A couple of people have suggested that I go to a counselor, recently, and I figured I would post my reasons as to why I am currently choosing to go to a “support group” instead. I’m not sure what “support group” even means but for the sake of this discussion I am referring to a group of people who meet that have a similar “problem.” When I refer to “counselor” I am referring to any session with a qualified professional with a one on one methodology. Here is my assessment of what a week in each would look like.
- One one-on-one session each week.
- Do your “homework” and be prepared for your next session to make it the most productive.
- One or more group sessions each week.
- One meeting with your sponsor/mentor each week
- Coffee/breakfast with network of other members after meeting.
- Phone calls to sponsor or other group members at any time on a need basis
- Additional one on one meetings with other participants of the program on a need basis
This is not meant to be a persuasive discussion. I am just laying out the two options as I understand them. Here are a few bullet points as to why I am currently engaging in the latter.
- I have to chose one or the other. This is due to time and emotional constraints at this time.
- The “support group” model resembles and supports so much more of our value system. It feels much more like a network of people that we are in relationship with. If I want to engage in someone further I can invite them over for dinner and they can meet the family. From what I understand, this is not the norm with counselors.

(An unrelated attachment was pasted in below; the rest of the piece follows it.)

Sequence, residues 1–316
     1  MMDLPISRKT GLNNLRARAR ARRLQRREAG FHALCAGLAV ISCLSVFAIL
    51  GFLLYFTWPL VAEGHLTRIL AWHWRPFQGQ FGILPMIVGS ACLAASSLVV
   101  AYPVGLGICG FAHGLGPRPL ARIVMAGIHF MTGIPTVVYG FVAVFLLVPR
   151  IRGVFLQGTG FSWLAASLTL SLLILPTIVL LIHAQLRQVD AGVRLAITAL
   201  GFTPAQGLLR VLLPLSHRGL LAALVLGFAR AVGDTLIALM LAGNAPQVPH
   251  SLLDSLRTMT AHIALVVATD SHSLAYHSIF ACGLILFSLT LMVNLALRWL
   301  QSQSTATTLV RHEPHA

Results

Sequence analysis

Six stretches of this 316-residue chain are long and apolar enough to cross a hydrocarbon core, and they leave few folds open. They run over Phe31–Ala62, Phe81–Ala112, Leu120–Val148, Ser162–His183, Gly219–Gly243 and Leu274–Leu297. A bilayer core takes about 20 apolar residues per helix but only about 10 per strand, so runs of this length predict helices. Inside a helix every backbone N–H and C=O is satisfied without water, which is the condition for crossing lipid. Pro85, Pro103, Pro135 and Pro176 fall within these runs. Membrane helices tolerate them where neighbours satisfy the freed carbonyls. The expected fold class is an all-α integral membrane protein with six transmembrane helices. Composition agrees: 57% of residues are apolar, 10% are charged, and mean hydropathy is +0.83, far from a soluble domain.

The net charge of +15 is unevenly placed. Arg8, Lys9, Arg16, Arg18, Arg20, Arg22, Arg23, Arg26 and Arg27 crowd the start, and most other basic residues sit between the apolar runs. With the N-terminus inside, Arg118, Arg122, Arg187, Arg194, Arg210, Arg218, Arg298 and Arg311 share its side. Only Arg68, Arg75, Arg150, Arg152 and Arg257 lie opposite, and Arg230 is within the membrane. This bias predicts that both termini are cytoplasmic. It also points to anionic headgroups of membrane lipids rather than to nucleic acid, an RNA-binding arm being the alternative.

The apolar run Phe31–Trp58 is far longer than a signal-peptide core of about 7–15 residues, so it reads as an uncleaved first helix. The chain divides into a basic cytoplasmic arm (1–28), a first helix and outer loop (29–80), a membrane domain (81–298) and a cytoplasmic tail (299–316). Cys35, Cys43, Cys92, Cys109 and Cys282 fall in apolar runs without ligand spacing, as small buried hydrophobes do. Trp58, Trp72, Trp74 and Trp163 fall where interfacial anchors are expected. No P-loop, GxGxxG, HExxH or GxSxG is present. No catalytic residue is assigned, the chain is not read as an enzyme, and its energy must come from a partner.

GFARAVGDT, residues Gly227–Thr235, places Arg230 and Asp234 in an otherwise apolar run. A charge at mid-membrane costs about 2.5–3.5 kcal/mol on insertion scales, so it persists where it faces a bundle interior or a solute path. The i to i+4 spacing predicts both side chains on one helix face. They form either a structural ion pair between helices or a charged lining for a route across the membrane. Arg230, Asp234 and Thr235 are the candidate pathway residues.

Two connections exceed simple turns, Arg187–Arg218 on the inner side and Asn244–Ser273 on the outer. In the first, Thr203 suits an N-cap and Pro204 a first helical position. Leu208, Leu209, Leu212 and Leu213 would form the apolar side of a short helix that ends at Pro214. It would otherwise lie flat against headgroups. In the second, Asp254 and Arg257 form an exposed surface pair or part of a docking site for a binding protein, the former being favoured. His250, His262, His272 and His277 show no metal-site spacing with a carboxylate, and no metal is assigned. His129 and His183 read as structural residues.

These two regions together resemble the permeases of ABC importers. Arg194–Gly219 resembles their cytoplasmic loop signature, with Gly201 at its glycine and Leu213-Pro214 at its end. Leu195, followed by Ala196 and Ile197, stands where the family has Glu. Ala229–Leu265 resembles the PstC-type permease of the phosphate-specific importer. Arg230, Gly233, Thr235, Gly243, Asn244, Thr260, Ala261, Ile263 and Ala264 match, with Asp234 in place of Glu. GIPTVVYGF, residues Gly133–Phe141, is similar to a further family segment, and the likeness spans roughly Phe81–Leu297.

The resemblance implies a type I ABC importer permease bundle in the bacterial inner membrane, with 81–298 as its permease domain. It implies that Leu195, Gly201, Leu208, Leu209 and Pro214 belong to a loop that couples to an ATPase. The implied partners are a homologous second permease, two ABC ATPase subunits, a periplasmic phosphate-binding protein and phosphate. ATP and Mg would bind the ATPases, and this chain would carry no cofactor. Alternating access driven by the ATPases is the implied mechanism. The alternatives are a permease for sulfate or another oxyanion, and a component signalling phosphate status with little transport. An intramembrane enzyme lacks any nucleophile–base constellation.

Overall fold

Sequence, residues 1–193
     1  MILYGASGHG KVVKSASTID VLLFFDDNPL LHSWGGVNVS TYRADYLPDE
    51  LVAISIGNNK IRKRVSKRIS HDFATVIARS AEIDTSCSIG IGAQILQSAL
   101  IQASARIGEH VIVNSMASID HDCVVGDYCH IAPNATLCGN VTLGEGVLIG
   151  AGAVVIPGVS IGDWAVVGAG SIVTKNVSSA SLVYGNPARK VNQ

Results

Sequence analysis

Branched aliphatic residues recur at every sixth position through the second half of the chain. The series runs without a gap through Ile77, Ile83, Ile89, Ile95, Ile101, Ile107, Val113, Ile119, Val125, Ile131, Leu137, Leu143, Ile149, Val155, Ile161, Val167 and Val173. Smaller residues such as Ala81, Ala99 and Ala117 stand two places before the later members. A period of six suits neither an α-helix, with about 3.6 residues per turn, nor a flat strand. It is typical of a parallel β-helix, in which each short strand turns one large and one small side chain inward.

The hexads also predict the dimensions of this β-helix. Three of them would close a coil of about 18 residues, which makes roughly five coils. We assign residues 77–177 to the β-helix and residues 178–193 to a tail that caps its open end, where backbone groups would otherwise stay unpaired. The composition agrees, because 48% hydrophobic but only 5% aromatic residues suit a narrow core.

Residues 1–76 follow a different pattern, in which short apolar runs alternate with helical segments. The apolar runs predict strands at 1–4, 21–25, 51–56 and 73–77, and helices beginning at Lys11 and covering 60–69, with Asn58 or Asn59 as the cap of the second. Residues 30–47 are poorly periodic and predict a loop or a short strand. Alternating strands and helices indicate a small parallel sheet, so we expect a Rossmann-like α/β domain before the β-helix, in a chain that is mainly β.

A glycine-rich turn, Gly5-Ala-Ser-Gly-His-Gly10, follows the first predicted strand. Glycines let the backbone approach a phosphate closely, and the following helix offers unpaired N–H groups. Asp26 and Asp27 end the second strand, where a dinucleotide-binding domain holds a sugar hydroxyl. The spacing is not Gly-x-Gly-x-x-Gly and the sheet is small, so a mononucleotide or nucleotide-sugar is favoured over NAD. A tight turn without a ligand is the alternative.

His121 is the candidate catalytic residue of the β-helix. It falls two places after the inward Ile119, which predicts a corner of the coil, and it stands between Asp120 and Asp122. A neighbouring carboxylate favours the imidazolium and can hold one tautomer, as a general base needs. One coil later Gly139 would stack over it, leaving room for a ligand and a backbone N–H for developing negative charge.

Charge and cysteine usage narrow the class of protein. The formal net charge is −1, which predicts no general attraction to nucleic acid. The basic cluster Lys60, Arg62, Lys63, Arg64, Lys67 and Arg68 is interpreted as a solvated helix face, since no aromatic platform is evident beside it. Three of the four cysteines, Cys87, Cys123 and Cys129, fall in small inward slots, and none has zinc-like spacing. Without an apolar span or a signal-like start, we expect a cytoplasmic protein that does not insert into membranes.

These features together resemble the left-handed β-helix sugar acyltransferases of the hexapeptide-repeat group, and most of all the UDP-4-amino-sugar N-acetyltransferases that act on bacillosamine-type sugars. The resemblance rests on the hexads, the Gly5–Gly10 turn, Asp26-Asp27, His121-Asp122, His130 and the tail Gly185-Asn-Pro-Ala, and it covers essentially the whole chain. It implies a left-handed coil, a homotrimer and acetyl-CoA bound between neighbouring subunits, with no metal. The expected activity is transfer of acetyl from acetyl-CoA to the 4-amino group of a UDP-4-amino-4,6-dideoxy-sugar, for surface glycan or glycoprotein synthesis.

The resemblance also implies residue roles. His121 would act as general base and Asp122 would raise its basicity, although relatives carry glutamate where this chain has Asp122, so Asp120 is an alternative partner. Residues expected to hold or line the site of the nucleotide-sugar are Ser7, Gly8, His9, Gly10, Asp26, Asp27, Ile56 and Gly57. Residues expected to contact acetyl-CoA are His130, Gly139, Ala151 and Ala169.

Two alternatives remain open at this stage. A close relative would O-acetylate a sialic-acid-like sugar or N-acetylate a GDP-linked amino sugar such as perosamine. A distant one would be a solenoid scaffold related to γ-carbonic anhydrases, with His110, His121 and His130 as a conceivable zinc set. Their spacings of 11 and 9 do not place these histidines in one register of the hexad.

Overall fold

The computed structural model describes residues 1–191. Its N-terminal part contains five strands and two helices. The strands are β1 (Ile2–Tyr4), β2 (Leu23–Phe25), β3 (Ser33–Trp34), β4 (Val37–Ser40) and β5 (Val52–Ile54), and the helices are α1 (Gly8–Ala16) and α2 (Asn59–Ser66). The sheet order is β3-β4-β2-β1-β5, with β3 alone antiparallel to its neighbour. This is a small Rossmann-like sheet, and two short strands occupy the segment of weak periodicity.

- The second model seems more “holistic.” There are so many different ways to connect and learn. As long as there are people who are “ahead of me” in the program I have a wide range of people to chose from in regards to getting advise and help. I can chose based upon schedule, geographic proximity, personality, or commonalities.
- It is free. Yes, I am a cheapskate. Beyond that though, I think there is an element of awkwardness for me when I know that someone is listening to me and they are getting paid for it. Part of me never really knows how much of me is a client and how much is a person. What’s the difference? Who knows? Not me. In the support group I don’t even have to think about that.
- Ongoing relationship. When I quit the program I still plan on engaging in the relationships that I am building. I’m not sure if a therapist or counselor would want to hang out for coffee 3 years after I’m done paying them. I hate the idea of “temporary” relationships.
- I am introspective and motivated. I think this really helps with me choosing the second model. I can not think of a day, since my first meeting, that I have not been challenged or motivated. There has been significant life change and from what I can gather that is the goal of either. I would not be surprised if the “degree” or “qualifications” of the counselor would make the process more through, or efficient but right now I am willing to forgo either of those for the above stated benefits. If I ever stop being challenged or motivated or have “hit a wall” in the productivity of learning about myself or my issues I think a qualified counselor would be a valuable asset.
I hope that offers some help for people to understand my own process. I am not saying either is better nor am I defending one over the other. I would be really surprsed if I do not engage in both somewhere down the road. I am really new to this whole world and would love to hear ongoing thoughts of people who have expereinced either.